Movie Review – Scott Pilgrim vs. the World (2010)
by HELEN GEIB
Scott Pilgrim vs. the World was made to expose generational and cultural divides.
Scott Pilgrim (Michael Cera) does not actually have to take on the entire world, but the hyperbole may be forgiven. He is contentedly going about his slacker lifestyle, practicing with his garage band and playing at an innocent romance with high-schooler Knives Chau (Ellen Wong), when he sees Ramona Flowers (Mary Elizabeth Winstead) for the first time. It’s love at first sight, for him at least, but the path of love never did run smooth. Chatting her up at a party is enough to put Scott on the hit list of Ramona’s “seven evil exes,” who challenge him to a series of duels to the death. On the plus side, the fact he is undeterred in his efforts to date her makes a positive impression on Ramona.
Scott and Ramona are surprisingly well-matched; neither is admirable, both seek to remake themselves. Ramona is a chronic breaker of hearts. In Scott’s words, she is always the dumper, never the dumpee. Scott also has left a string of trampled hearts behind him, and is the type of man who puts off breaking up with his sweetly innocent girlfriend after he’s met someone else because it’s so much easier to just let these things slide. The audience’s liking for Scott derives from reflexive sympathy for the young man desperately in love, Cera’s high likability factor, and the natural impulse to side with a person suddenly and seemingly randomly attacked by wild-eyed foes.
Though evidently crazed and in some cases obnoxious, with the exception of mastermind/evil ex no. 7 Gideon (Jason Schwartzman) the “evil exes” are not, in fact, particularly evil. (At least, not aside from their inexplicable challenging of Scott to duels to the death, which in any case Gideon put them up to.) They are in addition, in Ramona’s own telling, hapless victims in her game of love. Beneath the comedy there is a real tension between the film’s invitation to take Scott and Ramona’s romance and respective emotional journeys to maturity seriously, and the audience’s reluctance to take seriously a film in which not-evil exes and a few random bouncers are transmuted to loose change without a second thought.
The film is first a comedy however, and a very good one. It is second an action movie. Romance and character drama vie for a distant third.
There are clues early on that the characters of Scott Pilgrim, despite the film’s nominal setting in a wintry Toronto, are in fact living inside a video game. For instance, the mixed media presentation of the members of Scott’s circle of friends and family. The character introductions are portrait-like shots with text labels giving the characters’ names and a few humorous and/or cutting words summarizing their place in the circle, the shot transitions dizzyingly rapid.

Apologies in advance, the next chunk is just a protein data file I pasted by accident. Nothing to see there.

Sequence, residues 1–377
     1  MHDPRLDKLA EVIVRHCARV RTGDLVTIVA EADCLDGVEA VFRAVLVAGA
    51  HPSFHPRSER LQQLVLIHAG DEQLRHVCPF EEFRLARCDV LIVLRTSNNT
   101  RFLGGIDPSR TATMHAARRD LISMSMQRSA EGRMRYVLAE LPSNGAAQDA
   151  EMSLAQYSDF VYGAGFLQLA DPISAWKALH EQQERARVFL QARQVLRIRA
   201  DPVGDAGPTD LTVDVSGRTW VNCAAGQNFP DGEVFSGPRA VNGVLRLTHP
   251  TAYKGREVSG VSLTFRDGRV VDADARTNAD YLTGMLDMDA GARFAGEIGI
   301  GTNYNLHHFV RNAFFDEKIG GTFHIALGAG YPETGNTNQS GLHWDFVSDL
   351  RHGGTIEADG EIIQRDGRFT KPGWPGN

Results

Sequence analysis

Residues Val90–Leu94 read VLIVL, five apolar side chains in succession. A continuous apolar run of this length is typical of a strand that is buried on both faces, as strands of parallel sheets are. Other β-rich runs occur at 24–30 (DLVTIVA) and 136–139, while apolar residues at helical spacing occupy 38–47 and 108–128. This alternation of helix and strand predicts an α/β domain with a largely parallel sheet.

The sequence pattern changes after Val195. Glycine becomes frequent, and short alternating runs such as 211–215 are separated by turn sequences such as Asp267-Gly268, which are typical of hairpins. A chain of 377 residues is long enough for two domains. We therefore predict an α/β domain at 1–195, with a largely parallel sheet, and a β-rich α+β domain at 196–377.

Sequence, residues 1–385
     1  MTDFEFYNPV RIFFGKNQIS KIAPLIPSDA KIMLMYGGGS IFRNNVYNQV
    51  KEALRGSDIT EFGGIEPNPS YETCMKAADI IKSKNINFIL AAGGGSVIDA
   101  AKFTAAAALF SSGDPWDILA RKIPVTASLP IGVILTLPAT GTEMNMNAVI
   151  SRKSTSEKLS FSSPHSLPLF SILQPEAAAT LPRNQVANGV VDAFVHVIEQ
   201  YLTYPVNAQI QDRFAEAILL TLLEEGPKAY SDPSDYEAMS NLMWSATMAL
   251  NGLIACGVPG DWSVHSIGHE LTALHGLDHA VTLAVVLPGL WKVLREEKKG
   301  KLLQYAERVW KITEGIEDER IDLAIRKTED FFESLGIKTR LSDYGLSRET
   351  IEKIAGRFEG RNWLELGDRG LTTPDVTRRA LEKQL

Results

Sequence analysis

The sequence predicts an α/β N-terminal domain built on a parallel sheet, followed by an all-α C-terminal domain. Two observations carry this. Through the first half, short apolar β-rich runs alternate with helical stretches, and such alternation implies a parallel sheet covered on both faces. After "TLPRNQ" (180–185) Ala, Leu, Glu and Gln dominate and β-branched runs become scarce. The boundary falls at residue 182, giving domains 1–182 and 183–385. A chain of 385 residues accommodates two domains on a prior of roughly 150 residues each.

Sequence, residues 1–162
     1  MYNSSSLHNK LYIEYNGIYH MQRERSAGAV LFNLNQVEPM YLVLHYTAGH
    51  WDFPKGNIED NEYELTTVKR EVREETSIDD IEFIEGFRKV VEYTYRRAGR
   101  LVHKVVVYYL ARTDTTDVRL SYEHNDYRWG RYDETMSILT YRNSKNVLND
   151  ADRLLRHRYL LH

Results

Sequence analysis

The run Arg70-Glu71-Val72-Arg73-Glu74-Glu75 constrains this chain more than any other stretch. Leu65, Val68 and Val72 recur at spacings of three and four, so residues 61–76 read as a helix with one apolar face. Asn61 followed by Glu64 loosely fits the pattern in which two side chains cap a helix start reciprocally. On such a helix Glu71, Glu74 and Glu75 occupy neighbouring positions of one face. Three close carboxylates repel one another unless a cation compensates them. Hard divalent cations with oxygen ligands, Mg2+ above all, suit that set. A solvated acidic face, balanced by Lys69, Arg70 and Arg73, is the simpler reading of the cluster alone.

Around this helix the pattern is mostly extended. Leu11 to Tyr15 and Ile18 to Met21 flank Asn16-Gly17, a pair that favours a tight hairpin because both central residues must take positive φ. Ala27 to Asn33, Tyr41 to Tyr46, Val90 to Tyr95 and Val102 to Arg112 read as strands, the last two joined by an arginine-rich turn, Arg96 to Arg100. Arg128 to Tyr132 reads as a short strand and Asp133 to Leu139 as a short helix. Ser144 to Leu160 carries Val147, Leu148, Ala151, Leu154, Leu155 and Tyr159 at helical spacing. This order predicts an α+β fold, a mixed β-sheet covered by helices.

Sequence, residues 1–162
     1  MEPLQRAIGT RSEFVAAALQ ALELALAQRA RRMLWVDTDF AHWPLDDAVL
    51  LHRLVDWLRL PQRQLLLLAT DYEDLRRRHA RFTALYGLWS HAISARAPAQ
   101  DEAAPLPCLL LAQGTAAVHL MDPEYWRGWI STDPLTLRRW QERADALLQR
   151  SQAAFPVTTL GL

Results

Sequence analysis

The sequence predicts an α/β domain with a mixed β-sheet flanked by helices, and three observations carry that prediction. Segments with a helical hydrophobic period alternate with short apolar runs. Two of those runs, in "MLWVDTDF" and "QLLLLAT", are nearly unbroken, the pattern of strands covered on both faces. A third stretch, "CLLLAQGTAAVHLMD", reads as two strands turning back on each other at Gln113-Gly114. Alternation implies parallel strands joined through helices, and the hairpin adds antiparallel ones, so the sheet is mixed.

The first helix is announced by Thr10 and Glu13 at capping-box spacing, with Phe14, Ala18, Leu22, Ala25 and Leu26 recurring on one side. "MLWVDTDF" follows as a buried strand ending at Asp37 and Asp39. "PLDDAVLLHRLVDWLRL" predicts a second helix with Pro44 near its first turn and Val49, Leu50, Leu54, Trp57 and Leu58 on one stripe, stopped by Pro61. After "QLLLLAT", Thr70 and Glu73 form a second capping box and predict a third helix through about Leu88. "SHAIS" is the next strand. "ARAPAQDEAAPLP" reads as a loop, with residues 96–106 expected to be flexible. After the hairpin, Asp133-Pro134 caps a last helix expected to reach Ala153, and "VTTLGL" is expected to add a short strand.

The duels confirm the video game setting. Scott and his opponents are revealed as martial arts adepts out of a Hong Kong kung fu movie. No explanation is proffered for Scott’s inexplicable fighting prowess. It simply is. In some cases, the exes also have supernatural powers; “players” use objects of power; each contest is fought on a unique stage; and Scott “levels up” with each victory.
The visuals also embrace the story’s comic book origins. (The film was adapted from a series by Bryan Lee O’Malley.) The image that accompanies this post illustrates the panel-like shot composition of some scenes. Ramona’s accounts of her romantic history are illustrated with comic bookish line drawings. The Asian film-inflected fantasy elements in some of the fights are also suggestive of comic art.
Scott Pilgrim is crammed with references to a wide range of media: video games and comic books; television and films; pop music and youth culture. Even the most attentive viewer could not possibly catch them all on a single viewing, even if that ideal viewer was as thoroughly steeped in pop culture as the filmmakers. The film bombards the audience with visual and aural stimuli. It is immensely inventive and clever and consistently amusing, but at close to two hours a trifle wearying.
Which begs the question, who is the audience for Scott Pilgrim vs. the World? Although a year younger than director/co-writer Edgar Wright, at 35 this reviewer felt herself at the upper limit of the target audience’s age range. First-hand engagement with the video game and comic book culture that are the film’s dominant inspirations (as opposed to second-hand engagement through the intermediaries of Hollywood adaptations) will push the age-limit higher. Conversely, being young is not everything; a college student who plays sports instead of video games will still miss many of the references, even if she did come of age in the new media era and is acculturated to sensory overload.
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